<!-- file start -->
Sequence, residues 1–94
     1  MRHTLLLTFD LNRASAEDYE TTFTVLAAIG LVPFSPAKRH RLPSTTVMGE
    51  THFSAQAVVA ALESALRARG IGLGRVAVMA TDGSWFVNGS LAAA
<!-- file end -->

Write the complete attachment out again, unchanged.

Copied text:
Sequence, residues 1–94
     1  MRHTLLLTFD LNRASAEDYE TTFTVLAAIG LVPFSPAKRH RLPSTTVMGE
    51  THFSAQAVVA ALESALRARG IGLGRVAVMA TDGSWFVNGS LAAA